Close to the sedge (warbler)

We often take a walk through RSPB North Warren, the bird and nature reserve immediately north of the Suffolk town of Aldeburgh. There is a fresh water marsh there with quite an array of little egrets, duck, geese and on a recent visit a pair of spoonbills (Platalea leucorodia). Heading from the hide nearest Maggi Hambling’s infamous sculpture Scallop to the hide opposite at dusk recently, we heard a loud warbling song and then spotted a tiny little bird, white eyeband, flitty flight in and out of a tangle of thorny bushes. He sat still and not too far away for me to get a few nice shots of him. It was, I believe, a sedge warbler (Acrocephalus schoenobaenus).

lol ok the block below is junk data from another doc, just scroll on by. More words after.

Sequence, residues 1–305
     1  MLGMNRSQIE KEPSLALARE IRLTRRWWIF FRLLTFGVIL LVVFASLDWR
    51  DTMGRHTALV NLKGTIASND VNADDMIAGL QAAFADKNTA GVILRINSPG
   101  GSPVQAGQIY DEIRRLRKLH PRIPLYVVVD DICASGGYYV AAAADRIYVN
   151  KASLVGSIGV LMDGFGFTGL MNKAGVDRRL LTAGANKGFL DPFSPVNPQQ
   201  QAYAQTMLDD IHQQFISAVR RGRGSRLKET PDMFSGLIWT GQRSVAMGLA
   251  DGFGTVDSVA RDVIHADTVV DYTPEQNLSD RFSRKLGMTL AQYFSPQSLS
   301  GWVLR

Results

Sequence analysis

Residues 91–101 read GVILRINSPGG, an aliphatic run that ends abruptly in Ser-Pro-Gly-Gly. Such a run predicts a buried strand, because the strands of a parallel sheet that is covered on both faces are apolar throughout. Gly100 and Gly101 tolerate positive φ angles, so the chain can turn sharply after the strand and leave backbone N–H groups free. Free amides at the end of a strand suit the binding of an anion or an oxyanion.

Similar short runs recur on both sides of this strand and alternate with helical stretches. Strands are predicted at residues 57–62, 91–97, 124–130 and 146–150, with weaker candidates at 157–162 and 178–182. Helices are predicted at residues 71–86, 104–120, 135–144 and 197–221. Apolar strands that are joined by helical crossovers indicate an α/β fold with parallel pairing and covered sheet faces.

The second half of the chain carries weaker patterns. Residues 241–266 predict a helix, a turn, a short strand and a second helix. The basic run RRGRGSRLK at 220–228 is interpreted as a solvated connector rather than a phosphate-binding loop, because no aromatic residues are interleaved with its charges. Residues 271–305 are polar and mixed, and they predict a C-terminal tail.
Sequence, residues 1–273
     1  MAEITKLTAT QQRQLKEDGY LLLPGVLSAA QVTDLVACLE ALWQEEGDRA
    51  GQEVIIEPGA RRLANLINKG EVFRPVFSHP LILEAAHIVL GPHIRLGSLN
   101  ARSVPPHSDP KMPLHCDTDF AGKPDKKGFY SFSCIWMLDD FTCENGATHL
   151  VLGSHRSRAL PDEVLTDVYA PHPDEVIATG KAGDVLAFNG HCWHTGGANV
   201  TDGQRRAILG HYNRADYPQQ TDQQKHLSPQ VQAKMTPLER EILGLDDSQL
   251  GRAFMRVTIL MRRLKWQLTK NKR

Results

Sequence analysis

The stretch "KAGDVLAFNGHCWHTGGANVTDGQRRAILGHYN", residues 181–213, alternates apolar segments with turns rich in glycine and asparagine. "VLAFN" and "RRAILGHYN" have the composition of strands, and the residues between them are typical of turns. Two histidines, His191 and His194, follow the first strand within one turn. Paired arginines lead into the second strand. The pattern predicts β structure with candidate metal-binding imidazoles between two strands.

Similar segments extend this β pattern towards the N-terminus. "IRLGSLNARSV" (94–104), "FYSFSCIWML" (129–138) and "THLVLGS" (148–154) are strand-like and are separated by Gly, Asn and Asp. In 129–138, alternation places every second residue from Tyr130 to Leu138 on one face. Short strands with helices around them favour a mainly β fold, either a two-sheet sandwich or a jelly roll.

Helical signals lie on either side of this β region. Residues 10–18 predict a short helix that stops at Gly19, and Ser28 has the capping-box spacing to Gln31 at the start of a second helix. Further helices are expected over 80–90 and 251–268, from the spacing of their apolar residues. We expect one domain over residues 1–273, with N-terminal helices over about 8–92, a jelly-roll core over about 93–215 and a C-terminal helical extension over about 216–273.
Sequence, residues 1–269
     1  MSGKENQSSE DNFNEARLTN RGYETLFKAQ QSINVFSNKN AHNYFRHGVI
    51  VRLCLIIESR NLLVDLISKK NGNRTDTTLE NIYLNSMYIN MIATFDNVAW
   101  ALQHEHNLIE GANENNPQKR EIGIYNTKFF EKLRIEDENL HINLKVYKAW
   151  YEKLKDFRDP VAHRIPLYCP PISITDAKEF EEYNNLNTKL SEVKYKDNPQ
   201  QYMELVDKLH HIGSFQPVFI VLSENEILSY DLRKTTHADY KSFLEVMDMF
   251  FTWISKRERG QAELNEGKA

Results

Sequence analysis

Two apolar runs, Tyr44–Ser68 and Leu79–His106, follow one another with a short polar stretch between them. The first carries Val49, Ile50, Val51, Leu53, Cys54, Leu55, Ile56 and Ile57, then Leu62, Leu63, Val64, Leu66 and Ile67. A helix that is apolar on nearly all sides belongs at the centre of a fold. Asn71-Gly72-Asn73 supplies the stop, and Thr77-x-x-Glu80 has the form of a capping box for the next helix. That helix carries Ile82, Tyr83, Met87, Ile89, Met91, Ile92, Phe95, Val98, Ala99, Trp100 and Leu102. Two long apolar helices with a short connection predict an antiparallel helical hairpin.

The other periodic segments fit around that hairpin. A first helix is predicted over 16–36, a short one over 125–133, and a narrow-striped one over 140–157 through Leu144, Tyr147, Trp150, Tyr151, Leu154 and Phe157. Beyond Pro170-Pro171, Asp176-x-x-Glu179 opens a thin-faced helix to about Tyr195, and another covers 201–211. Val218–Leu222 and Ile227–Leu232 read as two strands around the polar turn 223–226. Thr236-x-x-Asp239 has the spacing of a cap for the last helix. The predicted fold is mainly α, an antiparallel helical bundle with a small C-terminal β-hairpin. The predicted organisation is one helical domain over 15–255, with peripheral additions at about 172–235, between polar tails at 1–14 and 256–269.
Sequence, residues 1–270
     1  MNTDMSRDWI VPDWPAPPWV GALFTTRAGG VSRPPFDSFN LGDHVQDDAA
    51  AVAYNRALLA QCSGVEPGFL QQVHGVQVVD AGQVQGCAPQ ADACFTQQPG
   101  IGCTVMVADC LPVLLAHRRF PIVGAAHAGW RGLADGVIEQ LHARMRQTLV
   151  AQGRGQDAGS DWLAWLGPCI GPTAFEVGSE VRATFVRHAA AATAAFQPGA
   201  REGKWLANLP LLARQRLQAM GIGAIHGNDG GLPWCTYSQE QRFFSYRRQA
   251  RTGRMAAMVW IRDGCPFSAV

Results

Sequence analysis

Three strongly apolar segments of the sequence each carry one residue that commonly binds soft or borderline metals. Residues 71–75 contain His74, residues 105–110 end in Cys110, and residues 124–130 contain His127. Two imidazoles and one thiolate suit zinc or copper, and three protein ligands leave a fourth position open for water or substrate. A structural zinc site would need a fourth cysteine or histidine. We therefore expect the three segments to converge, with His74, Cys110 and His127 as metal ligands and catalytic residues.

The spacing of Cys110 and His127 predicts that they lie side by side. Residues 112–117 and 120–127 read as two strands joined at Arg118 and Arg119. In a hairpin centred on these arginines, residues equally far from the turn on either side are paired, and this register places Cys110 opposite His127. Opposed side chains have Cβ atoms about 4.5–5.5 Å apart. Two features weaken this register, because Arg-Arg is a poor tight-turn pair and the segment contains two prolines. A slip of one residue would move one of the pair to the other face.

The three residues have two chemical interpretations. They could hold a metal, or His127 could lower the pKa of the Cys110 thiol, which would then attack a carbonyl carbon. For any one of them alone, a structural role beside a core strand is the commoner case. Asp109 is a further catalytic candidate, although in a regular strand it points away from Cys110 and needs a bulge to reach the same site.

The RSPB website describes this species as “quite plump”, but to my eye it was a rather delicate bird with prominent creamy “eyebrows”. The sedge is a summer visitor to the UK and elsewhere, choosing to spend its winters in sub-Saharan Africa. It commonly picks insects from vegetation while perched or sometimes hovering, which we observed, but there was also a lot of “leap-catching”, in which the bird grabs flying insects as it flies between perches.

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